Determine Linux version

When visiting a new Linux system, it may not be known which of the many flavors and versions the system is. This recipe describes a couple of techniques for determining the version of Linux running on a host.

The command uname -a will generate output like

Linux 2.6.5-1.358 #1 Sat May 8 09:04:50 EDT 2004 i686 i686 i386 GNU/Linux

This can be interpreted as:

kernel name: Linux
kernel release: 2.6.5-1.358
kernel version: #1 Sat May 8 09:04:50 EDT 2004

The specific distribution information is missing from the uname output. Many distributions put this information in a file in /etc like /etc/redhat-release, /etc/debian_version, /etc/gentoo-release, and so on. For the system described by the uname output above, the file /etc/fedora-release contains the following text:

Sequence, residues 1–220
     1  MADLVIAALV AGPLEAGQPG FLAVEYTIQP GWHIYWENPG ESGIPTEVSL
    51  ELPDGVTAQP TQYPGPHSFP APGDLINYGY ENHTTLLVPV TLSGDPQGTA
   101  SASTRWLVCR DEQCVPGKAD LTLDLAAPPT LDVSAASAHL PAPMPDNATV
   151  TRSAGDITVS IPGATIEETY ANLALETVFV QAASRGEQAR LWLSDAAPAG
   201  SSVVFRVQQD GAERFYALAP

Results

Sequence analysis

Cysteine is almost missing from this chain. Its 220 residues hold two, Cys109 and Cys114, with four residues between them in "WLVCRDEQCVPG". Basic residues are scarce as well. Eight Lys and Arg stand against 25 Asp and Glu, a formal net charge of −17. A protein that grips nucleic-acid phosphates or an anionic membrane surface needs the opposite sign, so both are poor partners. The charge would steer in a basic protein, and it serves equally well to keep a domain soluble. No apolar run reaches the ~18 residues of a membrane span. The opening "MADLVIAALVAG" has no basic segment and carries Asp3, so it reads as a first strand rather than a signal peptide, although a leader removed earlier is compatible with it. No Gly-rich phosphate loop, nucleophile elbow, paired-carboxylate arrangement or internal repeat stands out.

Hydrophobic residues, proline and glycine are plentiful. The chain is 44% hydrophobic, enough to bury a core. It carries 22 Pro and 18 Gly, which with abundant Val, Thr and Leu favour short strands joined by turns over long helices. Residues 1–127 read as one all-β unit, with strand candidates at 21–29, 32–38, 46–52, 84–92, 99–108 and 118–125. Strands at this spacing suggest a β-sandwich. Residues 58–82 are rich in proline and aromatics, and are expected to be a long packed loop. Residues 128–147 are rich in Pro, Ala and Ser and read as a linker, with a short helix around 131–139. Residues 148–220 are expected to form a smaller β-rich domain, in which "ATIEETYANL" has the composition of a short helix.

Fedora Core release 2 (Tettnang)


About Quinn McHenry

Quinn was one of the original co-founders of Tech-Recipes. He is currently crafting iOS applications as a senior developer at Small Planet Digital in Brooklyn, New York.
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6 Responses to “Determine Linux version”

  1. December 26, 2008 at 12:46 pm, Miladinoski said:

    Thanks for the second part of the info :)


  2. February 20, 2009 at 7:14 pm, reader said:

    exactly what I was looking for. It’s useful to be able to determine this kind of information for automated scripts that connect to and perform tasks on multiple machines of various flavors, versions and distros.


  3. April 20, 2009 at 12:18 pm, Lexa Puzikoff said:

    cat /proc/version
    cat /etc/issue


    • October 08, 2009 at 7:28 am, Anonymous said:

      I like this output a lot better than “uname -a”output.
      Ideal for reports/inventory/presentations.

      Thanks a lot!


  4. April 20, 2009 at 4:39 pm, uellue said:

    Thx, short and useful info. :-)


  5. February 03, 2010 at 7:36 am, Anonymous said:

    It works better than uname -a for me
    cat /proc/version

    I can get more accurate information, correct?


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